This is the first post in a series which will look at recent advancements, discoveries and trends in the study of whales and dolphins. We here at Sea Watch believe strongly in the free sharing and dissemination of scientific literature and want to give you, our loyal members, the breakdown of all that’s going on in the field.
Harbour porpoises, the most common and widely distributed cetacean in European waters (Evans 2020), are not an infrequent sight around the UK. In fact, since the start of 2020, Sea Watch has received almost 2,500 reported sightings of harbour porpoises (2458, to be precise). Such a large number of sightings in a year when we were barely able to leave the house is staggering. While these small cetaceans, may not provide the awesome size of filter feeding giants, see minke whales, or the aerial spectacle of bottlenose dolphins, a glimpse of a harbour porpoise’s dorsal fin between the crests of a rolling Atlantic wave is still a treasure to be cherished.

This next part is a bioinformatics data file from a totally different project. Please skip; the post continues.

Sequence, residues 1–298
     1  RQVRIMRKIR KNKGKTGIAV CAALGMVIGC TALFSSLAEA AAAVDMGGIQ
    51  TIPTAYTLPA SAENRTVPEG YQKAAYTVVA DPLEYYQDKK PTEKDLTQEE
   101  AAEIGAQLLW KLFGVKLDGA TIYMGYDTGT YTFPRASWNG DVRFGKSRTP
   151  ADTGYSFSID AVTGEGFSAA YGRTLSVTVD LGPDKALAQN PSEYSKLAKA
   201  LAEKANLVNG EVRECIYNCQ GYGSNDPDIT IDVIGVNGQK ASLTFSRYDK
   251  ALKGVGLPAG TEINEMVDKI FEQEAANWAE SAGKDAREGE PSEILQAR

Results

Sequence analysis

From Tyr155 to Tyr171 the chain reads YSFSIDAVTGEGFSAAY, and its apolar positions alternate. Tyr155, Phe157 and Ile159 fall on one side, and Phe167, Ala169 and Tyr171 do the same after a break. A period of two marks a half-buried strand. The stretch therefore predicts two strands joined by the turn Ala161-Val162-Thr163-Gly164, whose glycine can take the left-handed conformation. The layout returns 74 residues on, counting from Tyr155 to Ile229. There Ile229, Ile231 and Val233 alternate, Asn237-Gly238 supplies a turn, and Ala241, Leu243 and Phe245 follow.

With such a high number of these timid creatures in our waters, one must ask: what do the porpoises eat?
Harbour porpoises, in fact, have an incredibly varied diet, which contributes to their success and ability to thrive in almost all European waters. Primarily benthic (seafloor) foragers, porpoises are known to munch on all manner of crustaceans (crabs, shrimp); cephalopods (cuttlefish, octopus, squid); and a host of fish species (Evans 2020). The specifics of their diet, however, varies from location to location (Santos & Pierce 2003). With 11 geographically distinct populations in North European waters, there is plenty of variation in behaviour and diet within the species (Evans 2020). Each of these regional subpopulations are known to have a strong preference for 2-4 prey species. The porpoises found on the Scottish east coast, for example, feed primarily on Whiting, a cod-like fish which was once common in European waters, and sandeel, a small, thin fish known to be vital for seabird survival around the British coast.
Knowing the diet of the harbour porpoise, it is a giant leap to see how the intense fishing pressure in European waters may threaten porpoise populations. Direct competition between porpoises and fishermen is common, and sadly there is only one possible outcome. The aforementioned preference of Scottish porpoises for sandeels, for example, is shared by one of the nation’s largest fisheries, and this has been directly linked with a fall in porpoise numbers around the country (Macleod et al., 2007).